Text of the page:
The days of tech startups catching San Francisco flat-footed with the latest craze like sandwich-delivering robots or electric scooters could soon come to an end.
Since city laws often don’t specifically address new technology, startups have on more than one occasion exploited these gaps by launching products and then dealing with the political backlash later, a behavior summed up by the old saying, “It’s easier to ask forgiveness than to beg for permission.”
But San Francisco may soon try to head off these confrontations with legislation requiring all emerging technologies to obtain permits.
To come up with the regulations, an Emerging Technology Open Working Group began meeting in July and discussed draft recommendations at its fifth meeting Sept. 17. The meetings have drawn senior and pedestrian advocates, lobbyists, labor unions, city departments, large tech companies and smaller startups.
The draft recommendations are divided up into seven categories, including data privacy, “equitable benefits,” collaboration between tech and City Hall, enforcement and safety.
The working group was established by City Administrator Naomi Kelly as a result of a resolution approved unanimously by the Board of Supervisors in April. Supervisor Norman Yee introduced the resolution after leading the charge to regulate robots using city sidewalks.
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Yee’s legislative aide Erica Maybaum said the intention is create more clarity for tech companies and a way for The City to evaluate impacts.
“If an emerging technology wants to be a good player, there’s no clear process,” Maybaum said.
The working group’s Sept. 17 report said “companies find it difficult to know where to start when interested in operating in The City.” To address this, one suggestion is to “designate a single point of contact to serve as an consistent entry point for companies seeking to deploy in San Francisco.”
The group also suggests creating “a proactive testing/pilot permit process to learn about operators, provide testbeds within the city, and define range of deployment options, which will inform the development of potential permit legislation, terms and condition.”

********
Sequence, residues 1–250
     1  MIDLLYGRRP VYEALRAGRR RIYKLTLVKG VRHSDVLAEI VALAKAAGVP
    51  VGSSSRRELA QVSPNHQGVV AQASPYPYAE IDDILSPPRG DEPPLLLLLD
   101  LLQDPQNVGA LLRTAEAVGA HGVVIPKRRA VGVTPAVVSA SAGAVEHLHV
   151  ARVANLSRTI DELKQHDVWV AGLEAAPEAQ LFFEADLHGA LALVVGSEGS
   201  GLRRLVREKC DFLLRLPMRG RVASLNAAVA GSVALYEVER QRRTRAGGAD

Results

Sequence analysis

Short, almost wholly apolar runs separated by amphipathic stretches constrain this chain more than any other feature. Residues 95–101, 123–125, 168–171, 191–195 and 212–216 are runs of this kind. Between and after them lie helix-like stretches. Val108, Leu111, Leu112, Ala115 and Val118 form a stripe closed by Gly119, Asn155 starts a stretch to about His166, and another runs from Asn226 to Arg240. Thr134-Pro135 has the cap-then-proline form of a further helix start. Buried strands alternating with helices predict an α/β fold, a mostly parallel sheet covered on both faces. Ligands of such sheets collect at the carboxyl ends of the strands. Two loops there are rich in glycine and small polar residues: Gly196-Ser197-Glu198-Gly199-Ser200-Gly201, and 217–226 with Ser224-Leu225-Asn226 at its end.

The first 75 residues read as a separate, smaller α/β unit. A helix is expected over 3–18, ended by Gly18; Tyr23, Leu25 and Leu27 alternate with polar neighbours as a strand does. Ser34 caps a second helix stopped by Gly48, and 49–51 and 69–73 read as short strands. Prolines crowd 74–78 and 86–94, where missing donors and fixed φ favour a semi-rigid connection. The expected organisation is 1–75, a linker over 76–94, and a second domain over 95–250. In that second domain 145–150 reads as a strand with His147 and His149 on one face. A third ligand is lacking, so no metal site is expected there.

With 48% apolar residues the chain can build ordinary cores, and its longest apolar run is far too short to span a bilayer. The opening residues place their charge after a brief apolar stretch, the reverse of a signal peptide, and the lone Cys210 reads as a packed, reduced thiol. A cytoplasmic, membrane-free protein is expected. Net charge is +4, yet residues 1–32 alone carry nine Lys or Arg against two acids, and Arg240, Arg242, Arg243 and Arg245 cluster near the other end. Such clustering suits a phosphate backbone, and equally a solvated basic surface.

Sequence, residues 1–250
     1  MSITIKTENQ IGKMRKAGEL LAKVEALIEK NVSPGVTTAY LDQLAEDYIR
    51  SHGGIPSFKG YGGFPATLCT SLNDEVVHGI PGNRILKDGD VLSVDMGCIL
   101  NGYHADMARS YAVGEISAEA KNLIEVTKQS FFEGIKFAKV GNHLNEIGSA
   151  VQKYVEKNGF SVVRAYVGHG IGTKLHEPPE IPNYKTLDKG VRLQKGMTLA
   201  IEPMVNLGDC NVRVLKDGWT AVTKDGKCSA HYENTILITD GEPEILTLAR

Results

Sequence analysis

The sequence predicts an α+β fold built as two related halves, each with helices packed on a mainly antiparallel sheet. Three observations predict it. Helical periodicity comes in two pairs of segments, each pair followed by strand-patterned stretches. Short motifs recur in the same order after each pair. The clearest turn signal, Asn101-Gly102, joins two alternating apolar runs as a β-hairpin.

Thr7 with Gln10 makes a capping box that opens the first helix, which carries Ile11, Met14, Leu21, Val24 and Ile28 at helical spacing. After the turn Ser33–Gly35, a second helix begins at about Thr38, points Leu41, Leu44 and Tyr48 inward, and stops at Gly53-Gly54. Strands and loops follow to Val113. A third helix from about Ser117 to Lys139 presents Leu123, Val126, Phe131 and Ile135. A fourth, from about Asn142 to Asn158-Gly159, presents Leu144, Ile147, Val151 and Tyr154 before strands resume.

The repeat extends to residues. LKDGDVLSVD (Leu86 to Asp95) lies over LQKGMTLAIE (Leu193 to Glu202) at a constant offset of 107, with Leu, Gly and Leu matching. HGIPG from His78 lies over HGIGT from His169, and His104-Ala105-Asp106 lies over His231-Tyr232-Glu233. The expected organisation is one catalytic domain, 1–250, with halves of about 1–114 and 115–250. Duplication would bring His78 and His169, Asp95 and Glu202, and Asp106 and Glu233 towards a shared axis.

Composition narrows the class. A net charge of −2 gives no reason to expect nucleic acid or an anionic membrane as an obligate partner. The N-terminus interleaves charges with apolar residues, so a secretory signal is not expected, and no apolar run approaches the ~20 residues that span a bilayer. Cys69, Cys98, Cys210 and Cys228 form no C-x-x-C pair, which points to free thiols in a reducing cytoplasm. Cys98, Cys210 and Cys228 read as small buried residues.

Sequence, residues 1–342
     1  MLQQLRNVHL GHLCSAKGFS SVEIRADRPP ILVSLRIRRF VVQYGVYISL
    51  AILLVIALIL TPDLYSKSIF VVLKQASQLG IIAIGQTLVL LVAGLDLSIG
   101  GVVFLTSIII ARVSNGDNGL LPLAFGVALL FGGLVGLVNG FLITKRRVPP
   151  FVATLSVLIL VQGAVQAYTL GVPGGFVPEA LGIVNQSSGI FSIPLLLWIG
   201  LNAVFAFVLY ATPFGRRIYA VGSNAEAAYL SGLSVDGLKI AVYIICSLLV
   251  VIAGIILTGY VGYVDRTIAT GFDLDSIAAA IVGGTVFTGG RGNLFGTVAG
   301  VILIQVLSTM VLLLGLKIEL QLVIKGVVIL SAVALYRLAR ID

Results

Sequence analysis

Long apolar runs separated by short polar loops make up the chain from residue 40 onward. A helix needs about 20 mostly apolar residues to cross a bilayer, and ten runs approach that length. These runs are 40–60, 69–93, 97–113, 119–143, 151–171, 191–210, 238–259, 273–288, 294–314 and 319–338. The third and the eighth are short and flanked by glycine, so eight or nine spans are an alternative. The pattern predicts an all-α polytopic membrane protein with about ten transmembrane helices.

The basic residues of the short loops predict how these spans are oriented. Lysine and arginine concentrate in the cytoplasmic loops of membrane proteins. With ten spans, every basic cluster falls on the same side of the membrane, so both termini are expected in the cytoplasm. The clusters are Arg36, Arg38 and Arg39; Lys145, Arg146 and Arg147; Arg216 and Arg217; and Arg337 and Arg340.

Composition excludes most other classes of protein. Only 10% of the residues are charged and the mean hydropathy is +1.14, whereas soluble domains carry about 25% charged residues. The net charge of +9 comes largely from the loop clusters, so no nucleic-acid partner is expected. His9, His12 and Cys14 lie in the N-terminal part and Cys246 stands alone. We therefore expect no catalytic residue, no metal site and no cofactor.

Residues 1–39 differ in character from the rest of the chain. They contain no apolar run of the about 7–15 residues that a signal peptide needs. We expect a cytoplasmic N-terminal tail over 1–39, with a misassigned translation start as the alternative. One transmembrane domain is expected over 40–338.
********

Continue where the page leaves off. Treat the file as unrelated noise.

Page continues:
To address equity, the group has discussed coming up with a way to measure a new technology’s equity to ensure that the benefits expand beyond only a certain group of people.
Another suggestion is to create an “equity technology fund to support access for low-income communities” and “incentivize and promote apprenticeship programs at companies.”
Since the tech sector is dynamic, the group is attempting to figure out how The City can quickly respond to new developments.
“Right now, it’s all mobility,” Maybaum said. “But tomorrow, what comes next?”
One draft recommendation is to “hire staff within the City to forecast into the future and use this intelligence to get ahead of regulatory issues.”
The group is also exploring data sharing and data protection, such as permits dictating the terms of both. A privacy advisory council is also being considered “to establish a governance framework for data sharing, cybersecurity and privacy with companies operating in public spaces.”
Maybaum decline to comment on the draft recommendations. “A lot of the ideas have potential but I don’t want to get ahead of the process,” she said.
The Emerging Technology Open Working Group will next meet Nov. 5, when it could finalize the recommendations. Kelly would next submit a report to the board, which could use the findings to introduce legislation.
“San Franciscans want to balance the benefits of emerging technology with reasonable concerns about equity, privacy, accessibility and use of the public right of way,” Kelly said in a statement to the San Francisco Examiner. “These ideas for action put us on the path to sound public policy and I look forward to working with Supervisor Norman Yee to continue enacting legislation in the best interests of our residents.”